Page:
Crypto Assets: Securities or Commodities? Commissioner Explains How They Are Regulated in US
A commissioner with the U.S. Commodity Futures Trading Commission (CFTC) has detailed how crypto assets are regulated in the U.S. and whether they fall under the jurisdiction of the CFTC or the Securities and Exchange Commission (SEC). “There has often been a grossly inaccurate oversimplification” of how crypto assets are regulated in the United States, said the commissioner.
How Crypto Assets Are Regulated in the US
CFTC Commissioner Dawn D. Stump clarified last week how crypto assets are regulated in the U.S. by the CFTC or the SEC.
“The recent growth in popularity of crypto products and other digital assets has drawn much attention to the question of how this new financial asset class is regulated in the United States,” she began, adding:
There has often been a grossly inaccurate oversimplification offered which suggests these are either securities regulated by the Securities and Exchange Commission, or commodities regulated by the Commodity Futures Trading Commission.
“The CFTC does not regulate commodities (regardless of whether or not they are securities); rather, it regulates derivatives — and this is true for digital assets just as for any other asset class,” Commissioner Stump emphasized.
“The CFTC does not have regulatory authority over cash commodities,” she explained, clarifying the derivatives watchdog “regulates futures contracts on commodities, and other derivatives products such as swaps.” This includes “futures contracts on bitcoin and ether listed for trading on various CFTC-regulated exchanges.”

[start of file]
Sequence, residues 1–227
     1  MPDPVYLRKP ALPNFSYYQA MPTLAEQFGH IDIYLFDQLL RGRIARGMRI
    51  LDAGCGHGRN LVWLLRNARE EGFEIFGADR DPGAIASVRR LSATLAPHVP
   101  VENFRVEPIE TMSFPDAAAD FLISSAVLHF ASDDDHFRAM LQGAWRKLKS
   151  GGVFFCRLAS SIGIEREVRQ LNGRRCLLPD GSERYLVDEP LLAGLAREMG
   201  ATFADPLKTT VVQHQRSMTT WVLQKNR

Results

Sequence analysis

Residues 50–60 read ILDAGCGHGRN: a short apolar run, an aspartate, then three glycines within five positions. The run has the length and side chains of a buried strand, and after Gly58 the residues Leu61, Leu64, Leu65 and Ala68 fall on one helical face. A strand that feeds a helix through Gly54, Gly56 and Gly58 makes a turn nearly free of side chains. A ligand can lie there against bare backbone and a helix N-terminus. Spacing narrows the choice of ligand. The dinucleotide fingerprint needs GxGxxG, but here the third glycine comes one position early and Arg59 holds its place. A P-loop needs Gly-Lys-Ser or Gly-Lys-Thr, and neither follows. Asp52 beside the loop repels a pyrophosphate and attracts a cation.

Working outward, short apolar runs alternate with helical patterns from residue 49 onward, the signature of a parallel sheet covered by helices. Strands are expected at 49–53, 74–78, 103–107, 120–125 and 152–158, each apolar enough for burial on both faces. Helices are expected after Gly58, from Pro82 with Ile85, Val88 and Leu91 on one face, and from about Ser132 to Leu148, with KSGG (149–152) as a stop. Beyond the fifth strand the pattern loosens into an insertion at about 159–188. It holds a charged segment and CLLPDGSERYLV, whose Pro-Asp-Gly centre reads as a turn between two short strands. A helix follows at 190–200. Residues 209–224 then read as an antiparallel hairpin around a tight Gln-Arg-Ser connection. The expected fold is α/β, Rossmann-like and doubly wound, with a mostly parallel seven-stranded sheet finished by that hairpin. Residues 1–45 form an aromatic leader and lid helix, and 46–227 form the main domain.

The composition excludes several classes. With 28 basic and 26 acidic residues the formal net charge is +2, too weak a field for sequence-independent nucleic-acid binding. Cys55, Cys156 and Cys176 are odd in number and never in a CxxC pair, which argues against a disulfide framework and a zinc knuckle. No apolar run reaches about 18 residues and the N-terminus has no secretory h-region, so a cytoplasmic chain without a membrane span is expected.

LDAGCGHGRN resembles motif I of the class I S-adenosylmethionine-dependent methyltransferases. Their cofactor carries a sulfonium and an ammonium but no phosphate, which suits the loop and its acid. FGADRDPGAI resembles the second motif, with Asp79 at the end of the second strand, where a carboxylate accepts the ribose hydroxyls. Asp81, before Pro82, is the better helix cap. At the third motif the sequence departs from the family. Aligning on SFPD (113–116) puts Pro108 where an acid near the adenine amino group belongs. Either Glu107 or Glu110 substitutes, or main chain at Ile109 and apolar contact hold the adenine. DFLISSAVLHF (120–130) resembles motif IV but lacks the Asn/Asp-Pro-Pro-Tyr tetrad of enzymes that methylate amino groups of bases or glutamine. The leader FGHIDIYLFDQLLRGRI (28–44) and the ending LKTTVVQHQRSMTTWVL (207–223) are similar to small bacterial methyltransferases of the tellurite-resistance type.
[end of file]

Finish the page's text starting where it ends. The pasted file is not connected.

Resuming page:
The commissioner noted that digital assets that are securities fall under the jurisdiction of the SEC, but “futures contracts and other derivatives on securities may be regulated by the CFTC or the SEC, or jointly by both.”
To determine who has the jurisdiction in a specific case, Commissioner Stump said that “An analysis of Congress’ statutory framework,” the CFTC rules, the SEC rules, and “the specific characteristics of the product” is required, elaborating:
Therefore, if a digital asset is a security, further analysis is required to determine where regulatory authority lies for a derivatives product on that digital asset.
As for whether a particular crypto asset is a security, SEC Chairman Gary Gensler said that the rules are clear. “Certain rules related to crypto assets are well-settled. The test to determine whether a crypto asset is a security is clear,” he said early this month.
However, some people, such as Ripple CEO Brad Garlinghouse, disagree. He is being sued by the SEC over the sale of XRP.
Commissioner Stump further noted that the CFTC has “enforcement authority” that “includes a broader application for anti-manipulation and anti-fraud authority.” This authority extends to even cash commodities which the CFTC does not regulate in order “to protect the integrity of the derivatives markets” overall. An example of this enforcement authority is the action the CFTC took against Bitmex.
The commissioner concluded:
For a number of years, the CFTC has aggressively used its broader enforcement authority to deter manipulation and fraud involving cash digital assets, even though the CFTC does not regulate them.
What do you think about how crypto assets are regulated in the U.S.? Let us know in the comments section below.
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